Damian De Allende is currently the best inside centre playing Test rugby, and the fact that he managed to return to rugby in time for the British & Irish Lions series, after suffering extreme burns, has been huge for the Springboks, writes Oliver Keohane.
Much has been said of outside centre Lukhanyo Am since the World Cup and over the British & Irish Lions tour, and rightly so. Am embodies understated class, and while he has been characteristically organised and imposing on defence, his attacking prowess over the series should not be looked over.
But next to Am, proving equally as valuable yet perhaps even more understated, has been Damian de Allende.
De Allende, as one commentator said this past Saturday during the Springboks 27-9 second-Test triumph, “does not put a foot wrong”. It’s hard to argue with that, and it is the industrious and disciplined work of De Allende that allows the Springboks so often set up the attacking patterns they do.
De Allende has grown into his role as a player who can be trusted to not lose you a game but also banked on to win one. Since the 2019 World Cup quarter final and the semi-final against Wales, where his solo try proved instrumental in the Boks beating Wales, De Allende has continued to shift up in gear. He is an out and out centre, yet his time spent on the wing for the Stormers in his early career marked a huge shift in his understanding of the game, and the effect of his time spent out wide is evident in his defensive organisation and calm on the ball.
He has been brilliant for Munster in Ireland, and his impact in the international set up was immediately obvious when turned out for SA ‘A’ to help them beat the British & Irish Lions just before the Test series began. De Allende compliments the way in which flyhalf Handre Pollard takes the ball to the gainline, in that he is able to work well with very little space. He carries the ball in two hands, very rarely drops it, and is often able to straighten the line without going backwards. Many inside centres in the close quarters of international rugby find themselves stagnated when trying to straighten the line, or shoveling the ball laterally and ineffectively in order to not go to ground.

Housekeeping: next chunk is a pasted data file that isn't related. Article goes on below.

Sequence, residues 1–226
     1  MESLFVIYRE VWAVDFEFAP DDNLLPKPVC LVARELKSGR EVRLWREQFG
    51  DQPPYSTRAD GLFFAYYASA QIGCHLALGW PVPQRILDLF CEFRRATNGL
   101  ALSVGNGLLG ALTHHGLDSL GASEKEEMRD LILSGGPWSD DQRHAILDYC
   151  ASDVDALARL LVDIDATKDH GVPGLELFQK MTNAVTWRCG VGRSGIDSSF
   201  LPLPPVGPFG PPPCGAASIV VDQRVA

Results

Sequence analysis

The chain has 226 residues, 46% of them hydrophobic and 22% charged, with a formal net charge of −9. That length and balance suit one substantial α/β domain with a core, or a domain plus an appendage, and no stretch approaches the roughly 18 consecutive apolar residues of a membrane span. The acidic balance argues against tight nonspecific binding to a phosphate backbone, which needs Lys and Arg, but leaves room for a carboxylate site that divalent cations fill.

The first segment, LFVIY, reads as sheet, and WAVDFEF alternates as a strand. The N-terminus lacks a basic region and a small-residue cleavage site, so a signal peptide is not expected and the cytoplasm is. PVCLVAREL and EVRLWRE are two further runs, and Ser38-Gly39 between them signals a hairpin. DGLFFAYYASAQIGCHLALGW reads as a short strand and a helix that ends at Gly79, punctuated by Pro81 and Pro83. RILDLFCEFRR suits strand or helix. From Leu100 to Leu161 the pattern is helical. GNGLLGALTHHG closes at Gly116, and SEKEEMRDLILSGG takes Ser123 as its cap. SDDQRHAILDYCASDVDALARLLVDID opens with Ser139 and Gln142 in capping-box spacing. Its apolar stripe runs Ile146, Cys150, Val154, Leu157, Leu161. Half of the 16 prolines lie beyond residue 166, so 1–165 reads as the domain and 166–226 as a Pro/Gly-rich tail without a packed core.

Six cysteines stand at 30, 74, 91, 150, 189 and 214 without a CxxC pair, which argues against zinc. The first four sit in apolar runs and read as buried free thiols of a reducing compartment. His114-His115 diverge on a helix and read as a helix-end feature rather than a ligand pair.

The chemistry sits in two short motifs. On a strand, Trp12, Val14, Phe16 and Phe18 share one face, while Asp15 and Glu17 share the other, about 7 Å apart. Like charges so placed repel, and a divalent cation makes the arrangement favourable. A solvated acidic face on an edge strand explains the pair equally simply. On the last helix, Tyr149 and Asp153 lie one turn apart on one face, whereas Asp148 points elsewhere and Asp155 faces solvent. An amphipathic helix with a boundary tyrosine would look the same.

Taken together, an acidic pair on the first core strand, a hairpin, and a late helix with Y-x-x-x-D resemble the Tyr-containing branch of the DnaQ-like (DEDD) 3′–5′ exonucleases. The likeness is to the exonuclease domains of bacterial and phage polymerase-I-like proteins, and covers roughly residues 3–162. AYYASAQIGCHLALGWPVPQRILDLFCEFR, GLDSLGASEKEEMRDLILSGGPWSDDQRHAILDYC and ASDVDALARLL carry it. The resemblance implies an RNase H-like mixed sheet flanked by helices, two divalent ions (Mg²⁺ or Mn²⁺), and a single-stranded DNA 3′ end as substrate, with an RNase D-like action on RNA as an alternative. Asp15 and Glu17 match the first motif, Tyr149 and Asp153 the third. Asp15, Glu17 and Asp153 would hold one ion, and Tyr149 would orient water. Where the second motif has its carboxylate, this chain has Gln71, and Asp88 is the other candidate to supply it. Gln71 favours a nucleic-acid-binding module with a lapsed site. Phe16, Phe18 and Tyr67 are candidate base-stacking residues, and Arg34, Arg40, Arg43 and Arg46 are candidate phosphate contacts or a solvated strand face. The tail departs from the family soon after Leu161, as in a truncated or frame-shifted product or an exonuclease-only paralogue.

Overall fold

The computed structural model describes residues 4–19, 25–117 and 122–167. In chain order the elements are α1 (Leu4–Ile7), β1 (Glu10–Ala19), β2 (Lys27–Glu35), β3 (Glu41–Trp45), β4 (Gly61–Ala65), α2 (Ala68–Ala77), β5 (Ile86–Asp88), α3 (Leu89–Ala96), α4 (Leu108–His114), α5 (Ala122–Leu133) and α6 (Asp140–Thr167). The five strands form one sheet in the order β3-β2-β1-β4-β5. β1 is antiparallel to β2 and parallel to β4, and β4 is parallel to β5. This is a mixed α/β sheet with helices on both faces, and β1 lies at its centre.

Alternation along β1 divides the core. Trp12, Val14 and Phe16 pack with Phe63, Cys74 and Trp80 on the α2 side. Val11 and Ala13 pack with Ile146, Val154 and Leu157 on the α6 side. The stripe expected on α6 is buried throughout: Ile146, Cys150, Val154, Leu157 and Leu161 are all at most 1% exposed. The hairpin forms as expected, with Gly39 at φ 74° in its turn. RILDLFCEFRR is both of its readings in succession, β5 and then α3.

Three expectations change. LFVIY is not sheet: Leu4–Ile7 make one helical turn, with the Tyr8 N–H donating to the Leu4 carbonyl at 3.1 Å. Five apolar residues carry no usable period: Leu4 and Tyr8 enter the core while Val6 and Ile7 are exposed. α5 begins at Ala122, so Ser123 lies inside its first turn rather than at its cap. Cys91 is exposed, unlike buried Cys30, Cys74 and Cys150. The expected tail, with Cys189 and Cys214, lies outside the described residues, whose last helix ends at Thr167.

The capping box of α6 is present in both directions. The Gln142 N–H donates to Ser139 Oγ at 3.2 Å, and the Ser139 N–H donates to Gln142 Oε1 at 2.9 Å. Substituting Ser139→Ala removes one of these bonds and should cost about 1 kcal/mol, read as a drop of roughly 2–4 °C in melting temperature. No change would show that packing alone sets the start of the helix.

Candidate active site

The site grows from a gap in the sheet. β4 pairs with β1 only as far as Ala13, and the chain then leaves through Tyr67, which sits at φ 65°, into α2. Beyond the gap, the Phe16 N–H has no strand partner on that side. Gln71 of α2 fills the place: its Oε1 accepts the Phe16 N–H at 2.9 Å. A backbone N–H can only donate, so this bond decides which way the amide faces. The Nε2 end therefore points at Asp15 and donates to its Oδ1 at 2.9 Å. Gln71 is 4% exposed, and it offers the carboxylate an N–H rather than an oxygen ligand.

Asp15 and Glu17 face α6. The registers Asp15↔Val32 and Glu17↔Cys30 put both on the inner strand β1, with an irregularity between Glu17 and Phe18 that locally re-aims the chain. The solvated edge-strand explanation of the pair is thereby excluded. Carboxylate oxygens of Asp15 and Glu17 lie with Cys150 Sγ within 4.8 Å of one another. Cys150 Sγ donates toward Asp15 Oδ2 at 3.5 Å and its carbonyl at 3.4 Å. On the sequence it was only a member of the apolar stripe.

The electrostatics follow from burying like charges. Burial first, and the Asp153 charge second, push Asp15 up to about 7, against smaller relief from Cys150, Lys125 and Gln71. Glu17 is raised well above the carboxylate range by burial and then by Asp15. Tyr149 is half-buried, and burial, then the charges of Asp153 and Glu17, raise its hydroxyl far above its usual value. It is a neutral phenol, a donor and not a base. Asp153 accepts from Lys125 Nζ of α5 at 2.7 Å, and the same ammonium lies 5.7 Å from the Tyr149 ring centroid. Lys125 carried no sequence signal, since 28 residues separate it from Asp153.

What stands out is De Allende’s calm and his decision making. It is apparent whether he puts his head down, tucks the ball and runs straight or sends a pass out wide or looks for the offload, that he is calculated in the decision and not reactionary. His discipline as he has grown older and more experienced is also noteworthy, and his lack of retaliation to Maro Itoje’s disgraceful knee on his throat, showed the measure of a player who understood that the value of him remaining on the field in that second Test was so much bigger than the moment of possibly reacting to Itoje and getting sent off.
De Allende’s response in that Test was not to fight but rather to flourish, and his statistics read as follows over a full 80-minute shift (Via Jared Wright): Most carries from any Springbok (11), 23 running meters, two defenders beaten, one offload, ten rucks hit and eight tackles (only missing one).
Damian de Allende v #LionsRugby
– 3rd most ruck hits by a Bok back 💪
– Joint most carries in the game 👊
– 2nd most metres in the game 🏃♂️
– Joint 2nd most defenders beaten 🕺
– 3rd most defensive rucks hit by a Bok 🔥#BoksvLions #LionsSA2021 pic.twitter.com/EE9ApStANy
— Jared Wright (@jaredwright17) August 2, 2021
There are few better centre combinations in world rugby currently than De Allende and Am, yet their understated understanding of the game means they are often not granted the same fanfare and reporting as their flashier counterparts.
De Allende is nearing on 50 tests, with the upcoming third and final British & Irish Lions test marking his 48th appearance. It is a milestone so significant of his growth as a player since debuting in 2014, but also so indicative of a player who is undeniably in his peak. De Allende has proven since 2019 not only to be one of the most valuable members of the Springbok squad, but the best inside centre in the world.